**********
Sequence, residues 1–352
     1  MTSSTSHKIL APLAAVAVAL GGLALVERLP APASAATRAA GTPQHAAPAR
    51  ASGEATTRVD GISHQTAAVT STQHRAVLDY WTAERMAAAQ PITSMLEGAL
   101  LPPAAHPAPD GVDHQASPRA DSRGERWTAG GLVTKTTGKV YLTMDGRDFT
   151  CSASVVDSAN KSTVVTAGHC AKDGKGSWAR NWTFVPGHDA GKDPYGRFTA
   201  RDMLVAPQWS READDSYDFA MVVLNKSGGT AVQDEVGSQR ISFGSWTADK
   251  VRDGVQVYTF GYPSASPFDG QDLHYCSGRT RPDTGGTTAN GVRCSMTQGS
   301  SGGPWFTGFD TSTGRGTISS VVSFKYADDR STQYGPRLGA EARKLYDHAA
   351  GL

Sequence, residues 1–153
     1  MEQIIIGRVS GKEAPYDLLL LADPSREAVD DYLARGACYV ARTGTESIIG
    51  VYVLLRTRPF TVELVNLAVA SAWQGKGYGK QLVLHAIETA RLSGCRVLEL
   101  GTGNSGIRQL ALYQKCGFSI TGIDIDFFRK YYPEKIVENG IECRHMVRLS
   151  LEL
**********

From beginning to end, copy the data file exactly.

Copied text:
Sequence, residues 1–352
     1  MTSSTSHKIL APLAAVAVAL GGLALVERLP APASAATRAA GTPQHAAPAR
    51  ASGEATTRVD GISHQTAAVT STQHRAVLDY WTAERMAAAQ PITSMLEGAL
   101  LPPAAHPAPD GVDHQASPRA DSRGERWTAG GLVTKTTGKV YLTMDGRDFT
   151  CSASVVDSAN KSTVVTAGHC AKDGKGSWAR NWTFVPGHDA GKDPYGRFTA
   201  RDMLVAPQWS READDSYDFA MVVLNKSGGT AVQDEVGSQR ISFGSWTADK
   251  VRDGVQVYTF GYPSASPFDG QDLHYCSGRT RPDTGGTTAN GVRCSMTQGS
   301  SGGPWFTGFD TSTGRGTISS VVSFKYADDR STQYGPRLGA EARKLYDHAA
   351  GL

Sequence, residues 1–153
     1  MEQIIIGRVS GKEAPYDLLL LADPSREAVD DYLARGACYV ARTGTESIIG
    51  VYVLLRTRPF TVELVNLAVA SAWQGKGYGK QLVLHAIETA RLSGCRVLEL
   101  GTGNSGIRQL ALYQKCGFSI TGIDIDFFRK YYPEKIVENG IECRHMVRLS
   151  LEL